Theatre

Wholesome threesome

Classic episodes: A scene from “Ratnakar Aadi.”  

A Shakespearean classic given a new fervour, a traditional theatre form re-vitalised and a legendary tale brought to the stage — three plays bringing in the essence of the North East were staged in the Capital this past week.

The National School of Drama brought to Delhi Bhagirathi’s Assamese play “E Nixar Bhromoranga”, Loitongbam Dorender’s “Kao-Kei” — a Moirang Parva presentation from Manipur — and Pranjal Saikia’s Assamese production “Ratnakar Aadi”, as part of the Delhi International Arts Festival.

“E Nixar Bhromoranga,” interprets Shakespeare’s “A Midsummer Night’s Dream” with vigour. The play translated by Dinesh Sharma is nourished with local flavours. Assamese music, full of zest, yet soulful, and a set done up with bamboo and ropes give an English classic the quintessential local stamp. Imaginative lighting and costumes made with thought make this Assamese production an engaging watch. The cast is drawn from the remotest villages of Assam in this workshop production.

“Most of them are on stage for the first time and most are reading Shakespeare for the first time,” said director Bhagirathi. According to her, Shakespeare over time has been given a grave air. The idea is to de-intellectualise Shakespeare and present the play with the simplicity with which the master did. “We have made the play contemporary with local flavours. Shakespeare is not for intellectuals only,” she added.

Bhagirathi and her husband Baharul Islam, both NSD alumni, run the Seagull Theatre Academy in Assam. “E Nixar Bhromoranga” has travelled to villages, and Bhagirathi says it has received a warm response.

“E Nixar Bhromoranga” has characters enduring hardships to get their play performed. Though there are no overt references to the political situation in Assam, the uncertainty to normal life, where an unpredictable, unforeseen action could bring life to a standstill and put the scheduled stage show in peril, remains an undertone in the play.

Legendary tale

Loitongbam Dorendra’s “Kao-Kei” (The bull and the tiger) is a Moirang Parva presentation, an ancient theatre form of Manipur on the verge of extinction. The play, typically performed by an all-woman cast, brings in stylised acting and a legendary tale. Dorendra, active in the theatre of the region for a long while and having worked with legends like Ratan Thiyam, got involved with Moirang Parva three years ago. The form attained popularity in the later 19th Century but is alive today thanks to the efforts of Manipuri women. Keeping alive the tradition, the musicians on stage played the cymbals, dholak and the traditional tena while the actors sang.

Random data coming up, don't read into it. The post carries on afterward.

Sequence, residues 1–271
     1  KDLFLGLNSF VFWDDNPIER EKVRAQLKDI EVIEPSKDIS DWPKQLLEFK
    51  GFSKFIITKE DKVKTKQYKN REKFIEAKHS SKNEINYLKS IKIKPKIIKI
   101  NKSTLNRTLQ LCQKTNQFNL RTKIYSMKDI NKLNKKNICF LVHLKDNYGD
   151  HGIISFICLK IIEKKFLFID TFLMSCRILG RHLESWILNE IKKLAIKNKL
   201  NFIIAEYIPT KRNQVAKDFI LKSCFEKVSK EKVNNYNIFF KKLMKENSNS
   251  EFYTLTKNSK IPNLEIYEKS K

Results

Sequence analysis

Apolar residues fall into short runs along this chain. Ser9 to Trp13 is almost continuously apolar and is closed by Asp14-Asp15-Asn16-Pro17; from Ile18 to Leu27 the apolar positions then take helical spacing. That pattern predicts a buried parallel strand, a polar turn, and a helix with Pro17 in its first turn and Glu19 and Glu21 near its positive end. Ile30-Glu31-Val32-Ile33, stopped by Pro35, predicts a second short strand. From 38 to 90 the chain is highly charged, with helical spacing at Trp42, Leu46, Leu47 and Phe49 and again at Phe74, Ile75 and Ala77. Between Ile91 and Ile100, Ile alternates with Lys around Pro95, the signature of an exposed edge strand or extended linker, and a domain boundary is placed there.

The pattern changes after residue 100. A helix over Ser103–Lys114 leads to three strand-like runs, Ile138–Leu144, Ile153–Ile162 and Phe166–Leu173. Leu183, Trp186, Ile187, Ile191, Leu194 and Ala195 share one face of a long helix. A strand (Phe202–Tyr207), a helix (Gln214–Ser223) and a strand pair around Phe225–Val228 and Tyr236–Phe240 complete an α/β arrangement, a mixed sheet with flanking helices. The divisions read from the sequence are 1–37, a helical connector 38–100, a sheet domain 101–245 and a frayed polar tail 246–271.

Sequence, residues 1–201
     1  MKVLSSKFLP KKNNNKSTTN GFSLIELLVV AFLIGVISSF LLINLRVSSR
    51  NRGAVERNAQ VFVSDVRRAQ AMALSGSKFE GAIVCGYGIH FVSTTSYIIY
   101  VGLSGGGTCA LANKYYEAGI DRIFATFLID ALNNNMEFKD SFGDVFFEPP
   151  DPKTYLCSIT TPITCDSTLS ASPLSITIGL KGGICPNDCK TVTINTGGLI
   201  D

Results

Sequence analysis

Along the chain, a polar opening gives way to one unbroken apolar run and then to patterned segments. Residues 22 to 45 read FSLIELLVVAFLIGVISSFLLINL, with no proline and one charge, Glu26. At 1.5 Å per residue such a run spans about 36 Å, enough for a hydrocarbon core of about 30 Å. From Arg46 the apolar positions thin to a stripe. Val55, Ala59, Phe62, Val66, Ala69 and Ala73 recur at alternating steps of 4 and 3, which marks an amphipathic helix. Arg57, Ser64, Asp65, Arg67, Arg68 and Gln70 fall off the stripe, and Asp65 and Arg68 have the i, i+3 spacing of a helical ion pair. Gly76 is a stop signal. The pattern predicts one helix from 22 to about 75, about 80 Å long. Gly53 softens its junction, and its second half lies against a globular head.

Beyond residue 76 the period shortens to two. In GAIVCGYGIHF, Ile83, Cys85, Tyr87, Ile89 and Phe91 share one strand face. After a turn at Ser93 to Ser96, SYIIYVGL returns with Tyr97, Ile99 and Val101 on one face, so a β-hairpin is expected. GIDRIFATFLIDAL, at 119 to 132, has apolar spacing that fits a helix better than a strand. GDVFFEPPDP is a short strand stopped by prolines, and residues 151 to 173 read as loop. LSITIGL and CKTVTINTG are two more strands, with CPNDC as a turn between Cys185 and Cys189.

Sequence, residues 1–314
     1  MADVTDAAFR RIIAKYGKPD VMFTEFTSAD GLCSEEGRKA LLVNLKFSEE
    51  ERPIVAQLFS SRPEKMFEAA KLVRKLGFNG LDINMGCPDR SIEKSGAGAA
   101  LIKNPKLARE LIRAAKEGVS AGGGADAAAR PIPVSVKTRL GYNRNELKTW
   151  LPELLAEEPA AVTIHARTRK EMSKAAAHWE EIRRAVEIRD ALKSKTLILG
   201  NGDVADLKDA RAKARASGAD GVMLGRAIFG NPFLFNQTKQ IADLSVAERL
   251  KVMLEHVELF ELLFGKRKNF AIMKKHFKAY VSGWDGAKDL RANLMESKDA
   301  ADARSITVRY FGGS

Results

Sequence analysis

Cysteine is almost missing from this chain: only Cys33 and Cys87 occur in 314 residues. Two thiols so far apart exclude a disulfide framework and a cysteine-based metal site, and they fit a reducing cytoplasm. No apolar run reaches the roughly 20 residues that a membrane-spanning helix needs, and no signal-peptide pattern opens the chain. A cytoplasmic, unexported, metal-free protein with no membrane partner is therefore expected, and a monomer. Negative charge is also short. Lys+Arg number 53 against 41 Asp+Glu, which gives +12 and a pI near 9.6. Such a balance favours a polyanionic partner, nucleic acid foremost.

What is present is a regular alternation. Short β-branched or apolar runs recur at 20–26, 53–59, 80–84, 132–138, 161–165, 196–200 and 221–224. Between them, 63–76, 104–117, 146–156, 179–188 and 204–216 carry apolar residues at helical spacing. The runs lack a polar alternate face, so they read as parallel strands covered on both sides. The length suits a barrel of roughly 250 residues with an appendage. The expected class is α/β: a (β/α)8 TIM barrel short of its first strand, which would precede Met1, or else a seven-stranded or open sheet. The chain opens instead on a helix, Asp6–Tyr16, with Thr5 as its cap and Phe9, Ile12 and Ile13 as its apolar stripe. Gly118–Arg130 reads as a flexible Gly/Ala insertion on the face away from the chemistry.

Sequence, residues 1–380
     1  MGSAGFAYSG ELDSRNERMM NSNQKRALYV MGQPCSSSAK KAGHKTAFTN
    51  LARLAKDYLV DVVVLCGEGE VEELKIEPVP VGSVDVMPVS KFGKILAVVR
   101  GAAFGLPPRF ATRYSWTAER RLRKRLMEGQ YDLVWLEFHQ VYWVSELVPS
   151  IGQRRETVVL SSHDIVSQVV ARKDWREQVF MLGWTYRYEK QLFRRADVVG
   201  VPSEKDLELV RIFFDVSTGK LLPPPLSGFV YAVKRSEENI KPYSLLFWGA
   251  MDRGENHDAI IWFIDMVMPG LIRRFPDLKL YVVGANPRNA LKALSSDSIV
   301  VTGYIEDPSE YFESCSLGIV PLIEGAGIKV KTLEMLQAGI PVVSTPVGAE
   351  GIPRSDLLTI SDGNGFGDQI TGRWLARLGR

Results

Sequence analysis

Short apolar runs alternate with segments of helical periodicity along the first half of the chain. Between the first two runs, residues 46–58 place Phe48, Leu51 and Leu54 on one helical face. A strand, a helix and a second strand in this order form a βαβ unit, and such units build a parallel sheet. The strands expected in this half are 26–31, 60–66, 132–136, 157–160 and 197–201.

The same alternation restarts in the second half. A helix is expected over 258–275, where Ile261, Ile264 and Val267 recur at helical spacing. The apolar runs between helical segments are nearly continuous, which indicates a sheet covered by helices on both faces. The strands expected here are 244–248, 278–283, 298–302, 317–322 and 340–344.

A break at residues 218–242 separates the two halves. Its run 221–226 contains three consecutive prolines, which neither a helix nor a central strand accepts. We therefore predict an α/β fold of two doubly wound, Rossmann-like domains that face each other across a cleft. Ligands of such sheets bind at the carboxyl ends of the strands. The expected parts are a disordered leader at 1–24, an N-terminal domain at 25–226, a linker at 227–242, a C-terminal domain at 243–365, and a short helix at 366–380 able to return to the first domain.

Though Dorendra said it is the episodes from “The Mahabharata” that are usually performed, here he has chosen from the epic “Khamba Thoibi Seireng” written by Mahakavi Hijam Anganghal.

Pranjal Saikia’s “Ratnakar Aadi” cajoles every person to be in touch with their better self in a world marred by violence, killing and dacoity. “We have so many roads in front of us, then why do we choose the wrong one,” asked Saikia. “Ratnakar Aadi” is an enactment of the evolution of the brutal dacoit Ratnakar to saint Valmiki who pens the iconic “Ramayana.”

“Man is incomplete in the present context of time, like the silkworm,” said Saikia. Written by Saponjyoti Thakur, the play focuses on the universal reality of violence and extremism where we forget to acquaint ourselves with the finer self.

“We can’t move without fear and there is no guarantee of getting back if you venture out,” noted Saikia, who is part of the 110-year-old Sibsagar Natya Samaj. An alumnus of NSD, Saikia said “Ratnakar Aadi” is a stylised workshop production. The cast, in the age-group of 16 to 26, was drawn from various corners of Assam.

“E Nixar Bhromoranga,” interprets Shakespeare’s “A Midsummer Night’s Dream.

“Kao-Kei” is a Moirang Parva presentation.

“Ratnakar Aadi” is an enactment of the evolution of the brutal dacoit Ratnakar to saint Valmiki.

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Printable version | Jan 25, 2021 7:14:07 PM | https://www.thehindu.com/features/friday-review/theatre/Wholesome-threesome/article16886912.ece

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